What has been making this decision so difficult for me is that I have been fighting to divorce my personal motivations from the professional considerations I must contemplate before making such a substantial investment of time and money. Simply put, my undergraduate experience was rough. Yet, I made it through, and throughout the past year, I have finally been able to reach a place where I feel…happy. Not “happier” or “better,” but just happy. I’ve stopped considering my mental state to be a work in progress and have instead adopted this positive outlook and persistent, underlying feeling of happiness. The Dark Days are moving further and further behind me, and I’ve reached a place that, I dare say, is even better than it was before everything went to hell my freshman year of college.
And now, I have to start over again.
I have to make this major life decision that could potentially fling me right back to square one. I am staring uncertainty right in the face, and it feels different than it did when I was 18 and had to decide where to go to college. Now, I know what could happen. I know just how bad things could get, and I’m scared. Never mind the debt and the even more important consideration of what’s best for my professional prospects. I have to consider it all, and some of my feelings compete with other ones. But all I can keep thinking about is, what if I make the wrong choice? What if I make my choice for the wrong reasons? What if I leave something behind that I’m supposed to stick around for?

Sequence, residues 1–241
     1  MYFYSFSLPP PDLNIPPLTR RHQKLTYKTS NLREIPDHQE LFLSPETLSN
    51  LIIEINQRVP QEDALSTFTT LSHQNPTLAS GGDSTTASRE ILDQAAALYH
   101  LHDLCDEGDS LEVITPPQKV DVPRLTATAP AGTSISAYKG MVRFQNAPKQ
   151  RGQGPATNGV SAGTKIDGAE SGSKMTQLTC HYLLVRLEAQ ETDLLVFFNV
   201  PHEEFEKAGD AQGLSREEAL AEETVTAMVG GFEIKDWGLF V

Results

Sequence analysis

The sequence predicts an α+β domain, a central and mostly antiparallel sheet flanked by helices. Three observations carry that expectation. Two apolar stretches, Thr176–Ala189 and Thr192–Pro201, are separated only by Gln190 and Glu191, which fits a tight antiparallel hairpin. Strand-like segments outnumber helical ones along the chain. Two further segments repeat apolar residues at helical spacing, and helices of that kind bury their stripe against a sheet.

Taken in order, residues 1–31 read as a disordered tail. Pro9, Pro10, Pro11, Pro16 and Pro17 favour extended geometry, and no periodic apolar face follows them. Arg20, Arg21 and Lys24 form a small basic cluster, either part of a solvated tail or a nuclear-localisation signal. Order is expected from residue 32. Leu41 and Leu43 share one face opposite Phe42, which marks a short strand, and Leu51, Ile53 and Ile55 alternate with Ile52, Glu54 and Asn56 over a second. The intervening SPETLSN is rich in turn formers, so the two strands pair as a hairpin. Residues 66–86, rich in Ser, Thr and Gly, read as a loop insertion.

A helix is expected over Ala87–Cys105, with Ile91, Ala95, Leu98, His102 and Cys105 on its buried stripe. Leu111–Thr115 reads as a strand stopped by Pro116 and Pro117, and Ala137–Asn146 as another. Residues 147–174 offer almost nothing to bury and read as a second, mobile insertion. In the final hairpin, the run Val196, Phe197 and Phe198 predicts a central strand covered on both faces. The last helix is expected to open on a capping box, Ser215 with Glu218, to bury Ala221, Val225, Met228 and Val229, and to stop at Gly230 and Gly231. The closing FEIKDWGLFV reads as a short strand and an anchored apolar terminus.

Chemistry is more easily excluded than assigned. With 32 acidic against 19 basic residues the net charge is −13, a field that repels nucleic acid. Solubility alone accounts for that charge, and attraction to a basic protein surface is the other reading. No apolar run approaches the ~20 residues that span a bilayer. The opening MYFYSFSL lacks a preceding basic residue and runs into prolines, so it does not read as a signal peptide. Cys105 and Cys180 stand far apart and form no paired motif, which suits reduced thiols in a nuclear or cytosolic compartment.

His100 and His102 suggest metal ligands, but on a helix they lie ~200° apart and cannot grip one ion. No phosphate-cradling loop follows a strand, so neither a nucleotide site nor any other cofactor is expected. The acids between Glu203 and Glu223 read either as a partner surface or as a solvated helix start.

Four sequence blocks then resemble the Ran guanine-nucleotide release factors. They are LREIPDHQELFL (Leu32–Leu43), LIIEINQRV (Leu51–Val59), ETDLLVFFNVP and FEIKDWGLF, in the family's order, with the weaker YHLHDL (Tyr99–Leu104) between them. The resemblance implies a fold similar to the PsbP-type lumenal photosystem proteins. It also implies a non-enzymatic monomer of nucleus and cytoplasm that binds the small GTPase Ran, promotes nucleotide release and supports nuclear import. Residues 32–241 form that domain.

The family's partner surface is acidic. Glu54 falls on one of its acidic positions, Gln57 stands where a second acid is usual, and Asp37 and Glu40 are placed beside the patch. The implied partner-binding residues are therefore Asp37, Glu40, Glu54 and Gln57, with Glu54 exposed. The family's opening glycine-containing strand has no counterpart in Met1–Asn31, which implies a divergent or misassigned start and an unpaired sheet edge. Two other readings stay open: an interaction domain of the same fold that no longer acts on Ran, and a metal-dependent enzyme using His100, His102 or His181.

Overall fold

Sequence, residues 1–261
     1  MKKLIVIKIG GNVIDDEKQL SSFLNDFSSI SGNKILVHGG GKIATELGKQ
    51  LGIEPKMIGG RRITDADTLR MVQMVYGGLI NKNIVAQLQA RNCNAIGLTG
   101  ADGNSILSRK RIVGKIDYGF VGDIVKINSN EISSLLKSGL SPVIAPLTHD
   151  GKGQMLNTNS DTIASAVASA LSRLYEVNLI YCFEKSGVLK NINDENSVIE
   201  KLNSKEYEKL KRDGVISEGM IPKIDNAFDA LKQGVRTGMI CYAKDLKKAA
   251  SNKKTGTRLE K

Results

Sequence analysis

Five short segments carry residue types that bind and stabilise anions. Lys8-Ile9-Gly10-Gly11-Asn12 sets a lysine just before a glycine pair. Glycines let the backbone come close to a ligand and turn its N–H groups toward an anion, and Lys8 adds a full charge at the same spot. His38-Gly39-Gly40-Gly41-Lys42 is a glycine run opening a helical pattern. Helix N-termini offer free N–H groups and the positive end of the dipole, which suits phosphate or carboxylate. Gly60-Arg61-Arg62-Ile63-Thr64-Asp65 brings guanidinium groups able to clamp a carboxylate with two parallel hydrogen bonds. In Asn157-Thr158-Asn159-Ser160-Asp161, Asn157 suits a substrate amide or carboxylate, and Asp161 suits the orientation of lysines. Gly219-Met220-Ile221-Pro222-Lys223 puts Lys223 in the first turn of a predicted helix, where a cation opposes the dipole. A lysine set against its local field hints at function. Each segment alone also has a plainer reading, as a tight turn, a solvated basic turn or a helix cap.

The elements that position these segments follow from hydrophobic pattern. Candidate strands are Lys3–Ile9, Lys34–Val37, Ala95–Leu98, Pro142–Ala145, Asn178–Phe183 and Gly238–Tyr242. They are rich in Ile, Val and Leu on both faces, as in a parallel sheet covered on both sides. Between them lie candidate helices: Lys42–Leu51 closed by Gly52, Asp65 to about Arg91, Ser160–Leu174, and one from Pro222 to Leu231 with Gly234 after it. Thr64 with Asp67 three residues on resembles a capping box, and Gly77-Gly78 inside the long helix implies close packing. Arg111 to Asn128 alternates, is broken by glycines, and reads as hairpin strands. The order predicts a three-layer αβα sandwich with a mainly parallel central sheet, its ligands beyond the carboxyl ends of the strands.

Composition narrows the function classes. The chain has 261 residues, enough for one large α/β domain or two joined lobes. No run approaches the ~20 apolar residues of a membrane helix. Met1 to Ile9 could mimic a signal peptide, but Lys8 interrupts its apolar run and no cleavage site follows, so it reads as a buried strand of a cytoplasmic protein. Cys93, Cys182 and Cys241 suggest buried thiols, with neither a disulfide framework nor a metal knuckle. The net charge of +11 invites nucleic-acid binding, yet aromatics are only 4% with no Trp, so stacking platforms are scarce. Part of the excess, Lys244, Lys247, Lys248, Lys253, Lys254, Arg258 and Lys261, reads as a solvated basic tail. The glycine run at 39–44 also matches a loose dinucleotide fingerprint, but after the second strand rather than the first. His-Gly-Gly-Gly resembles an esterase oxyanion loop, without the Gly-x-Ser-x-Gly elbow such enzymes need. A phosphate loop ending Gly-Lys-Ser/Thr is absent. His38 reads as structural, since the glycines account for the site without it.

I could write a countless number of blog entries detailing the specifics of my conflicting feelings. But for now, I need to get to the good part.
Last week, near the end of the work day, I happened to check out my LinkedIn page. I scrolled through the homepage, glancing at updates, when I noticed that one of my connections–a mutual acquaintance of me and my ex-boyfriend–had recently connected with Claire, the girl from the Trevi Fountain. Dying of curiosity at this point, I clicked on her page, interested to see where she ended up.
I looked again.
Claire, I discovered, works in the same building as I do. The exact same building. Right here, right now. Years later, in a very different time and place, we have somehow found each other yet again.
This is recent news, and the circumstances surrounding the discovery of her employment are certainly less extraordinary than those surrounding our first encounter with each other two years ago. However, am I alone in thinking that this, too, though it looks so different, is also extraordinary? It baffles me that in this city of nearly 600,000 people, multiple suburbs, dozens of buildings and employment centers, we have both managed to end up in the same place at the same time.
I can’t help but wonder about this. I’m not sure what it means, exactly, but I do know that I needed this. I have been starting to forget that things happen for a reason, that surprises await. In the monotony of working life and a constant routine, it’s so easy to forget that each day holds the potential for something extraordinary. Just as I learned the first time I beheld Claire at the Trevi Fountain, what is perhaps the most comforting thing we can derive from experiences like these is the knowledge that we don’t even have to try in order for extraordinary things to find us.
I think we can all find some peace in knowing that despite the decisions, both large and small, that may initially appear to divert us from one path to another, we somehow always manage to stay on the right path for us. All we have to do is live, follow our instincts, our passions, our goals, and the rest seems to fall into place when it’s supposed to.